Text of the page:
By BosNewsLife Africa Service
NAIROBI, KENYA (BosNewsLife)– At least 147 people were killed on Thursday, April 2, when Islamist militant group al Shabaab stormed a Kenyan university campus in the town of Garissa taking Christians hostage and engaging security forces in an extended shootout.
“There are many dead bodies of Christians inside the building,” Al-Shabaab’s military spokesman Sheikh Abdiasis Abu Musab told reporters about the attack near the Somali border. “We are also holding many Christians alive. We sorted people out and released the Muslims. Fighting still goes on inside the college.”
President Uhuru Kenyatta confirmed in a speech to the nation that the attackers were holding hostages.
With scores of students wounded and hundreds unaccounted for, police and soldiers surrounded Garissa University College, witnesses said. They sealed off the compound and were trying to flush out the gunmen, Kenyan police chief Joseph Boinet told media
Interior Minister Joseph Nkaissery said 280 of the 815 students at the university had been accounted for and efforts were under way to track down the others, according to the Twitter feed of Kenya’s national disaster agency.
It did not say how many students remained trapped on the campus.
Some had managed to escape unaided. “We heard some gunshots and we were sleeping so it was around 5am and guys started jumping up and down running for their lives,” an unnamed student told Reuters TV.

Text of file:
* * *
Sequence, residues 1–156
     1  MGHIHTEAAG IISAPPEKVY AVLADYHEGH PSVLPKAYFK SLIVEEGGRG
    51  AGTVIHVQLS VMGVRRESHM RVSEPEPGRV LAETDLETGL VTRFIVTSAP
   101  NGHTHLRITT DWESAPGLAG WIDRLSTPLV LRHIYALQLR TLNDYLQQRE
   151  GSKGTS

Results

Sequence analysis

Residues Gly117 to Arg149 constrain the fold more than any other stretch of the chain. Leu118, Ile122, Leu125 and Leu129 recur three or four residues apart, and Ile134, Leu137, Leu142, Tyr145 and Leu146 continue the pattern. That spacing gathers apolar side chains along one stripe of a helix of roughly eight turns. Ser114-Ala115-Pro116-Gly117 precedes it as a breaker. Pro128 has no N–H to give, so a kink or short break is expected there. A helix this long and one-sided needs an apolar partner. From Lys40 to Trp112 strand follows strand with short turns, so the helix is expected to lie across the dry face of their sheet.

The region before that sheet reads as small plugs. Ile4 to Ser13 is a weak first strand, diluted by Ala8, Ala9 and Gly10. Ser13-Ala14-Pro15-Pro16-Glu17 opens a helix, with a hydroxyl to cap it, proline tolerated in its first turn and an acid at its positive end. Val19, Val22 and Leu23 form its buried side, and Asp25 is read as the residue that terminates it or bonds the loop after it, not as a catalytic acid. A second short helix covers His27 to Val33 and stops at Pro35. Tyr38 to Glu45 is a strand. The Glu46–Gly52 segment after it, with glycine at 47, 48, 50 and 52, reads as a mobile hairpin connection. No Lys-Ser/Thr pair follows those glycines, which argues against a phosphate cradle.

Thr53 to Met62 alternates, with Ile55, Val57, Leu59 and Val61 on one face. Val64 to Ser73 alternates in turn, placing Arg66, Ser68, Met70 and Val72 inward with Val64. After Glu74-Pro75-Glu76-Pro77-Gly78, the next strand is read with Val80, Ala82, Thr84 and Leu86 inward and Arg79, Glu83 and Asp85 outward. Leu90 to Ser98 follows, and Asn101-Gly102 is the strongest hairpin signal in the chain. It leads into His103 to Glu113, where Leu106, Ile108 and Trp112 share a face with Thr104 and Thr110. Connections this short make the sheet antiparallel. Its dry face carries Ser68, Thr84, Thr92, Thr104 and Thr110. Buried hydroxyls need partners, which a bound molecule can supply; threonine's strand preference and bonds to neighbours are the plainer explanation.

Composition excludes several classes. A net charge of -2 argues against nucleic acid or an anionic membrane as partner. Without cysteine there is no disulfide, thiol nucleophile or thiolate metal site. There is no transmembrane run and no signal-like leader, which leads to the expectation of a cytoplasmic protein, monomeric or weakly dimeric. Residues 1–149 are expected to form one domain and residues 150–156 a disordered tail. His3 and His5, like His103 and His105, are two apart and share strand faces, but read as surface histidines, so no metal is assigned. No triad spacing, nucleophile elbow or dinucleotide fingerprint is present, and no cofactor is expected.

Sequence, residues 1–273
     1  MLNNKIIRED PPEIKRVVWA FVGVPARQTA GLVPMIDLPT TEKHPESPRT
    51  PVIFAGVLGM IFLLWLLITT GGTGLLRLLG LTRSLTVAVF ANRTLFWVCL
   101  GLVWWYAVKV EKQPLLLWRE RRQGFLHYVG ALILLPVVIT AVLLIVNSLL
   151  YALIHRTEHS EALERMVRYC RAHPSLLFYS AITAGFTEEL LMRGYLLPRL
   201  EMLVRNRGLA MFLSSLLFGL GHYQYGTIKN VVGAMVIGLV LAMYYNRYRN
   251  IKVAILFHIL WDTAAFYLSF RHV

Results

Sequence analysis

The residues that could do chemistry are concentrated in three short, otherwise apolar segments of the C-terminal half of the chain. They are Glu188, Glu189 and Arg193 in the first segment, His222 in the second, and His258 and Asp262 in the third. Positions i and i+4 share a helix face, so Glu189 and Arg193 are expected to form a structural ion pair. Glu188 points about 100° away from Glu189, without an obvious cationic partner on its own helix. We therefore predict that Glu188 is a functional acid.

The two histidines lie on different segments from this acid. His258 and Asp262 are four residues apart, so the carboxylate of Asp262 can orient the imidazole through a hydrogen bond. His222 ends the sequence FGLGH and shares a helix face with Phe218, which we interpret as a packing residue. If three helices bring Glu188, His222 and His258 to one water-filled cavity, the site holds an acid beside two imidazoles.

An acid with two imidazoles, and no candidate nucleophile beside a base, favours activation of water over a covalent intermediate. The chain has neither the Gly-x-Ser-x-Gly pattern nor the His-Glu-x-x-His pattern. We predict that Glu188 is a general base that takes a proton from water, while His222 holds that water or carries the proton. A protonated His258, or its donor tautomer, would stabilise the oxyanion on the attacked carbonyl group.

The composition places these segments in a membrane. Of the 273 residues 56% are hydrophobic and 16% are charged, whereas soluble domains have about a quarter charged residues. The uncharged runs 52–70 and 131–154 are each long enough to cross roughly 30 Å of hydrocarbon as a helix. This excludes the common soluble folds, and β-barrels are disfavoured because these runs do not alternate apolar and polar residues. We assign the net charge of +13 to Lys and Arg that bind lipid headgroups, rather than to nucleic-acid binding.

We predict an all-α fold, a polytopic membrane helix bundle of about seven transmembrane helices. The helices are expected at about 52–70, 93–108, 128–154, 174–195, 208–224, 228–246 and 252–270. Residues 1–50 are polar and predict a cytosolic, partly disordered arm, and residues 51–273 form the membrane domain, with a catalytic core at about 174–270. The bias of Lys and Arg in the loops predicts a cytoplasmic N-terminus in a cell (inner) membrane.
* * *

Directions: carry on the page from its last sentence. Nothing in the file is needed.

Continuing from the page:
Sixty-five people were wounded, the disaster agency said. Four had been airlifted to Nairobi for treatment.
DOZENS OF CASUALTIES
“We have 49 casualties so far, all with bullet and (shrapnel) wounds,” Reuters news agency quoted a doctor at Garissa hospital as saying.
Al Shabaab, which seeks to impose its own harsh version of sharia law, has separated Muslims from Christians in some of its previous raids in Kenya, notably late last year in attacks on a bus and at a quarry.
The group has links to al Qaeda and has pledged retaliation for Nairobi sending troops to fight it in its home state of Somalia, where it also killed Christians.
Authorities have offered a 20 million shilling ($215,000) reward for information leading to the arrest of a man called Mohamed Mohamud, described as “most wanted” and linked to the attack, Reuters news agency reported.
Churches in several areas of Africa are facing strict security measures this Easter amid fears of more Islamic attacks.